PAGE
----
Thursday, April 28, 2011
Those represent price tags. What would you write on them? I mean, what would you buy, and what price would you pay?
It’s important to a lot of people. According to 2009 figures, more that $140 billion dollars is spent on advertising – in the United States alone. You’ve seen the ads if you’ve watched television or use the internet. You’ve read the ads if you take newspapers and/or magazines. You’ve heard the ads if you listen to the radio.
Not all of them are directed at you – some are created directly to appeal to children. How many of you have a tiny tape recorder (age 2 to 18) who are reached by these ads, come running with an urgency to say “I gotta have …”?
How do you teach children to be discerning, judgmental even, about what is deemed appropriate for them? Or, do you purchase all they ask for, buying their attention and their love? I doubt that last one. Oh, we’ll check the stores for the latest and greatest fad designed to whet their appetites for birthdays or Christmas. Are we doing them favors for doing so?
How much better is it to teach them that ads and commercials are created by highly paid companies to present their products as absolute necessities for our lives – when they might not be.
We think of Bible verses as applying strictly to our spiritual life, but they are truly for every moment of every day:
And this I pray, that your love may abound yet more and more in knowledge and in all judgment; That ye may approve things that are excellent; that ye may be sincere and without offence till the day of Christ; (Philippians 1:9-10 KJV)
I believe that verse is in context, as is this one, too:
Teach me good judgment and knowledge: for I have believed thy commandments. (Psalms 119:66 KJV)
Learning to make such discerning judgments in small things in our life helps us as decision-making grows into ones that affect us for decades.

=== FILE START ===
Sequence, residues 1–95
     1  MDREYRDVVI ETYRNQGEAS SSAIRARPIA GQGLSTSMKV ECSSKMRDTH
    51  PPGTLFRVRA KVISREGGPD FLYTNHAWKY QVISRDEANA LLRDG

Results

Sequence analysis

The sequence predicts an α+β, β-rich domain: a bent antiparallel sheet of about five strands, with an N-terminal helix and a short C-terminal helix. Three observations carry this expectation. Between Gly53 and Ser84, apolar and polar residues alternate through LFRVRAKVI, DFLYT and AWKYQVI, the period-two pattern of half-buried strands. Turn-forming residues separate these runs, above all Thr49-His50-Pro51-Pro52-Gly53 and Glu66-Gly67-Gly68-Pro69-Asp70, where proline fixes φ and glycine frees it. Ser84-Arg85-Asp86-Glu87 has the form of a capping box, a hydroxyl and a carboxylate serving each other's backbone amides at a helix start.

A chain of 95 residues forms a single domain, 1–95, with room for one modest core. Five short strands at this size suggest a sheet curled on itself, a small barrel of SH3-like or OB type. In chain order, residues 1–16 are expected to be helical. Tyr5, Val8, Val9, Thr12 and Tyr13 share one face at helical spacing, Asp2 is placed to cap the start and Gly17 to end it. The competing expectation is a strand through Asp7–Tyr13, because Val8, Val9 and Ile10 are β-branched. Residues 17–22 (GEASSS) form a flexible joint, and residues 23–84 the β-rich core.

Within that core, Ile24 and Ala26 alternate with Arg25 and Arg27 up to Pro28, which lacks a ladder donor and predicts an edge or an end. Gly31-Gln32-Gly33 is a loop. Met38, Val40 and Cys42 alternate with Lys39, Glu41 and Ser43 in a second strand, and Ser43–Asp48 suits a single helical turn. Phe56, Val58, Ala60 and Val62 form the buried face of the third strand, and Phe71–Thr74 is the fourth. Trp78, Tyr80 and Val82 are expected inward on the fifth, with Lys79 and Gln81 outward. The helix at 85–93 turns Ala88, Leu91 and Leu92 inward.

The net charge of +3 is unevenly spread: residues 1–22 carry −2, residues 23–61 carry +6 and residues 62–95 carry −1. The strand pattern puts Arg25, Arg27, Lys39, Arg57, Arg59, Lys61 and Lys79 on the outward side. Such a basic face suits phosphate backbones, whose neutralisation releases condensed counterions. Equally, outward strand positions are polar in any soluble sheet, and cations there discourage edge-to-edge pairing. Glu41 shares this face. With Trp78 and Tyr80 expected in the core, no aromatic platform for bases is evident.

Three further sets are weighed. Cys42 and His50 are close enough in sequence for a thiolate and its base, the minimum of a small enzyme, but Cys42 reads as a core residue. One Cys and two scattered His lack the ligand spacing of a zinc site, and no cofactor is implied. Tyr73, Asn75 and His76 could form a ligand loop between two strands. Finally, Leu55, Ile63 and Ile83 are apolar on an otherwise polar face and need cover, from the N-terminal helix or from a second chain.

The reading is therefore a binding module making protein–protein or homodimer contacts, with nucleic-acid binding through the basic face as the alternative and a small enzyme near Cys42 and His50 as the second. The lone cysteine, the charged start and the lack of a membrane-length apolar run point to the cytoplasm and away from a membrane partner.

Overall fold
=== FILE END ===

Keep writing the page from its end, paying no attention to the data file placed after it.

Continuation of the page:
Those small decisions about what to watch on television, what movies are viewed, what enters our daily lives is within our control. We set the standards ourselves, we set the limits, we set the price tags.
What do we think our time is worth? What value do we place on the ability to teach our children how to make decisions – ones that will affect relationships, finances, education and their futures? Give them a firm foundation to build upon.
Give instruction to a wise man, and he will be yet wiser: teach a just man, and he will increase in learning. (Proverbs 9:9 KJV)
There’s truth in Job’s perception that age brings experiences:
With the ancient is wisdom; and in length of days understanding. (Job 12:12 KJV)
Find an older couple held in respect by others. Spend a bit of time with them and learn from their experiences. They will tell you of learning from errors, learn from theirs, and they will tell you of wise decisions. Learn from them, too.
By the way – I don’t advertise on my site – it’s strictly not for profit, and I’m not going to benefit if you follow my advice. It’s simply words from an aged woman who believes the scriptures and prays she fits in Titus 2:
The aged women likewise, that they be in behaviour as becometh holiness, not false accusers, not given to much wine, teachers of good things; (Titus 2:3 KJV)